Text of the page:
The Rising Star

Almost certainly the biggest player in the Epson QX-10-specific software world was Rising Star Industries, the creators of Valdocs and its various successors. Valdocs is an integrated software suite that (as I understand it) was generally packaged with Epson QX-10 machines. RSI pretty much tied its future to the QX-10 (and to the QX-16) with Valdocs, and when the QX-10 lost favor with the public, RSI went down with it. But in its heyday, they produced a newsletter called The Rising Star, with some articles on the background of the company, tips and tricks in Valdocs, new versions, etc.

I have gotten ahold of four of these. I don’t know if there are others out there anymore, but here are the ones I have:

Rs v1n4 1984 fall Rs v2n2
Rs v2n4 Rs v3n1

Supercalifragilistic Epson Alidocious

Some more Epson doc scans, I think this finishes the sets that I have. The Epson QX-10 reference manual is here, and then various manuals pertaining to the Epson PX-8 and peripherals.

Qx10 operations manual Microsoft basic for qx 10
Px8 about your documentation Px8 read before unpacking Px8 command summary
Portable wordstar reference manual Portable wordstar training guide
Portable calc portable scheduler P 80x users manual Px8 warning
Px8 multi unit fcc card Px8 congrats bantam

Laudably, Epson still has at least one relevant manual on its support site. I didn’t find anything on the PX-8, but a slightly newer version of the operations manual can be found here:

It’s starting to get a little bit hard to track everything down, so I intend to shortly try to gather related documents together in a compilation page (e.g., for the QX-10 and for the PX-8), but for now, just looking through posts with the paperwork tag is the only way to find scans I’ve posted.

PeachWare, CP/M-80, and Valdocs

A few more scans from the QX-10 library, these are scans of the Peachtree software suite manuals.

Also, the Epson CP/M-80 manual, MTERM manual, and the Valdocs User’s Guide.

Peach spelling spine
Peach mailing spine
Peach spreadsheet spine
Peachtree peachcalc ref card thumb
Epson cpm front Using mterm cover Valdocs cover

QX-10 ComMunication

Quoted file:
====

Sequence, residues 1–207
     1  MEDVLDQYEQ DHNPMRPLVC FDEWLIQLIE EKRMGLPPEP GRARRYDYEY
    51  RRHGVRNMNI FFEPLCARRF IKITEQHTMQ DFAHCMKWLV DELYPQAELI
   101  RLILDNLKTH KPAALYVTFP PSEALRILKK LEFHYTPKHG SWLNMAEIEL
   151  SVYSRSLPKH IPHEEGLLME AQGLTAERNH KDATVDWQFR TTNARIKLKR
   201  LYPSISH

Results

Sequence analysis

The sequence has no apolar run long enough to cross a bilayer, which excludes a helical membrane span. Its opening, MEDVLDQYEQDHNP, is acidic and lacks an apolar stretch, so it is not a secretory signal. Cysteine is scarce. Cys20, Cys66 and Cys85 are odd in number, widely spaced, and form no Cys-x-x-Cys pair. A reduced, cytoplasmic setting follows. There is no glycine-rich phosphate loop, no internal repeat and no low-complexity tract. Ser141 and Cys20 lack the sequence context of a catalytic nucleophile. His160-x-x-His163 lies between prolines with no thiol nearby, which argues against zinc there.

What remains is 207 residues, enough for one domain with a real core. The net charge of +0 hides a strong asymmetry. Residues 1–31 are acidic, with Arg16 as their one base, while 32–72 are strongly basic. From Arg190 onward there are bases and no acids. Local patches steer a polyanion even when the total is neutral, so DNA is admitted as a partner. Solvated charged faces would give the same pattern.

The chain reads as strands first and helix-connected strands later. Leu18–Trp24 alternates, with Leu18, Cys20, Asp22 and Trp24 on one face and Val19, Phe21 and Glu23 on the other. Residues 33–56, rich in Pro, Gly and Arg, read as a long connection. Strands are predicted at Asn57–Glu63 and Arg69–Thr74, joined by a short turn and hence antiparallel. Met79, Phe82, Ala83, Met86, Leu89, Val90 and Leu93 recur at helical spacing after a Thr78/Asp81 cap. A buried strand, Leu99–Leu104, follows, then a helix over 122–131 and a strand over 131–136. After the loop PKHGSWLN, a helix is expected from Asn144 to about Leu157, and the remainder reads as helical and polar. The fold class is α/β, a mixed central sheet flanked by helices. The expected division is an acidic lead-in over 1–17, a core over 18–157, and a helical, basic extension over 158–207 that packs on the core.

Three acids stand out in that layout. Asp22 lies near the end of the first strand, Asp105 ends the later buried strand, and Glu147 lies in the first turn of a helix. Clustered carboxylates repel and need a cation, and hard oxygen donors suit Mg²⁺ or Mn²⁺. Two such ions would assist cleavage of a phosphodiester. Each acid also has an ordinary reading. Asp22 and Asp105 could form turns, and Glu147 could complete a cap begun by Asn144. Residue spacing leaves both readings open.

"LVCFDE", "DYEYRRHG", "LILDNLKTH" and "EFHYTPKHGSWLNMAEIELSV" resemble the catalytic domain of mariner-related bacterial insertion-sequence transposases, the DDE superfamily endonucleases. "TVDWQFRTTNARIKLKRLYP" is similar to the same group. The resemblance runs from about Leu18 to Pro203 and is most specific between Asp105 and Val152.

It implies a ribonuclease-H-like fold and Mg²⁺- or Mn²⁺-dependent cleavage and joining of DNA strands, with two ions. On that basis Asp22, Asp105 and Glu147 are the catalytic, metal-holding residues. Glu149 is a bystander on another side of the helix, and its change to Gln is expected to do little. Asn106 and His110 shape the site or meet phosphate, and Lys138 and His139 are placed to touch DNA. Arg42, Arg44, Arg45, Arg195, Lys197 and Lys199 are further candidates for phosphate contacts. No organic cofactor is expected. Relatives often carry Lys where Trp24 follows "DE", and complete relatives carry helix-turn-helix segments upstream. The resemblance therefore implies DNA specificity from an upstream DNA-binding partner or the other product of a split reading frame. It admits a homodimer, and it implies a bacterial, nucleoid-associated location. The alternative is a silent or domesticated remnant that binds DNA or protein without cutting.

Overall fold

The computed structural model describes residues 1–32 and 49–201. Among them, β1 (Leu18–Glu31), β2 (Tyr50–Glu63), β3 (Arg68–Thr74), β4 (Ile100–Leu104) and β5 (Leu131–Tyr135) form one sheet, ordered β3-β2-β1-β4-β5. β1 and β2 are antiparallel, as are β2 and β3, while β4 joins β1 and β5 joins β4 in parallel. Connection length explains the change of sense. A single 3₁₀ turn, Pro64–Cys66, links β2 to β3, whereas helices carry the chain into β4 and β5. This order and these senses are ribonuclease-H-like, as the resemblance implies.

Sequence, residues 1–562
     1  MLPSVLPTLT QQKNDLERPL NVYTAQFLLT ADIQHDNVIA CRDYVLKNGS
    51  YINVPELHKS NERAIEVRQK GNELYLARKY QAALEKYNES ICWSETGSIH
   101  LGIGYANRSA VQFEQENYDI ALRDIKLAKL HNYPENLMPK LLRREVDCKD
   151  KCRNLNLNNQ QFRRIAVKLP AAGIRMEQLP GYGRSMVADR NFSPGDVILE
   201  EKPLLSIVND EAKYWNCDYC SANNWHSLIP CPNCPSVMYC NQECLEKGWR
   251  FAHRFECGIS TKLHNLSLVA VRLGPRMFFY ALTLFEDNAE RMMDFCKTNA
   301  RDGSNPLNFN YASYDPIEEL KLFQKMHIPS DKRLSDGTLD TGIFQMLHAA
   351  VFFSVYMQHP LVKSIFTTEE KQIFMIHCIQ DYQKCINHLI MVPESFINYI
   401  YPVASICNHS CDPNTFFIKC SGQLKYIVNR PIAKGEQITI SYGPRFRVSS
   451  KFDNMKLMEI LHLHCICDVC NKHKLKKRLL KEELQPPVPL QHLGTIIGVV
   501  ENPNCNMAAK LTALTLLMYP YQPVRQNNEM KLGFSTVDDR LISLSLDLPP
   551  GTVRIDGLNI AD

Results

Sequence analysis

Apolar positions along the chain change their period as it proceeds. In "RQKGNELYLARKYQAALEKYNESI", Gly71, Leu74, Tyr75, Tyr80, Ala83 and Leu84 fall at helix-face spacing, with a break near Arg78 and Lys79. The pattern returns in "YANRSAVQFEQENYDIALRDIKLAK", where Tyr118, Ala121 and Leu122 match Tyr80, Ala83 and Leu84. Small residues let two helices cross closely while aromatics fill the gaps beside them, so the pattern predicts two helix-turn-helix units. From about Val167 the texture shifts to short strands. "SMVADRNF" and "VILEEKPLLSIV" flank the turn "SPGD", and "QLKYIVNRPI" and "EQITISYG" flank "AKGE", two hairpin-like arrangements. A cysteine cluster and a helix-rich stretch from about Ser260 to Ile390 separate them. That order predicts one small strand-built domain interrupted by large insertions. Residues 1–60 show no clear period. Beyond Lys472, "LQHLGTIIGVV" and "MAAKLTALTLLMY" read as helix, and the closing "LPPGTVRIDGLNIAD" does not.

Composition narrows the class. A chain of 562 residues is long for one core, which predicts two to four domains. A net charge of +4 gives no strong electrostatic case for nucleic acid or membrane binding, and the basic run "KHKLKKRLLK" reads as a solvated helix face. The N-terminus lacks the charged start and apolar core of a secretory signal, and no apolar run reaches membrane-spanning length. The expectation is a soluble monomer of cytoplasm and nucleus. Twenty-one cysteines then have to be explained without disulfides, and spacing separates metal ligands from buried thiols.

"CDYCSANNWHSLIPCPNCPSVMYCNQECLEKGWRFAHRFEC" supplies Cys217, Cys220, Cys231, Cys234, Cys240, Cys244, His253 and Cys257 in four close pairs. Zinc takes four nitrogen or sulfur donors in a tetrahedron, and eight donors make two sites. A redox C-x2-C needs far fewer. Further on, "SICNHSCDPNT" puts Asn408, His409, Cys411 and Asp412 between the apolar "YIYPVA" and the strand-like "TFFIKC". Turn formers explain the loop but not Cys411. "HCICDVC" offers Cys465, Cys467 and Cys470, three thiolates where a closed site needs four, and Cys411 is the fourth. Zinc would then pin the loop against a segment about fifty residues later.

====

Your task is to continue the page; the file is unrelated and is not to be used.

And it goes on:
Lots to catch up on here, but here’s one thing that I got fairly recently that I’m pretty pleased about. For some reason the Epson QX-10 seems to have faded into obscurity quite a bit more dramatically than some of the other machines of its time. As I’d mentioned before here a couple of times, I had an Epson QX-10 (not strictly speaking mine, but borrowed from work) in the mid ’80s. Ostensibly, I had it so I could work on dBase II programming at home. But, really what I used it for was modem communication. Most notably, I’d written a BBS system for it, which I still plan to try to resurrect.

I was happy to be able to get my hands on a pretty complete QX-10 system some time ago, but it had no cards in it at all. In particular, it didn’t have a modem card, and though I had searched for it for a while, I had pretty much resolved myself to never being able to put that system I had before back together.

However, my luck changed not too long ago. Someone was selling a couple of old QX-10 items on eBay. Fortunately for me, even though these things are super-rare, nobody really wants them either. It didn’t cost me much. And now I have, once again, a Comrex ComMunicator CR-103.

CR103 manual cover

IMG 2714

Of course, at this point, I still don’t have the QX-10 really working entirely, insofar as I only have one working disk drive. But we’re getting there.

Along with the CR-103, I also got an acoustic modem (an Epson CX-20) and a QX-10 RS232 serial card, which could in principle provide me with a second modem to use, although I don’t know if I can find a phone that will fit in the cradle anymore.

epson cx-20

I suspect that this will really just be decorative, but it is a nice looking modem.

The RS232 card was even in its original box, pretty much untouched.





The RS232 card also opens the possibility that I might be able to connect with other devices in the outside world, too, I’ll have to think about this more to see if I can do something creative with it.

Though, of course, there is also the possibility that one or more of these things simply don’t work. However I am optimistic, they all look to be in great shape, and as far as I understand it, the previous owner hadn’t even really used them.

The manual that came with the RS232 card is extremely technical, and I have scanned that as well.

Manual scans:

Press reaction to the QX-10

Here are some scans I just did of a couple of reviews from Microcomputing magazine in 1983 on the Epson QX-10.

Microcomputing 1983apr Microcomputing 1983may

The quintessential computer? Epson’s QX-10 hits the high-end micro market.” Jim Hansen, Microcomputing, April 1983.

Vive la difference! Valdocs: While the Epson QX-10 offers impressive features, it’s the software—particularly the Valdocs operating system—that puts it a step ahead of its competitors.” Jim Hansen, Microcomputing, May 1983.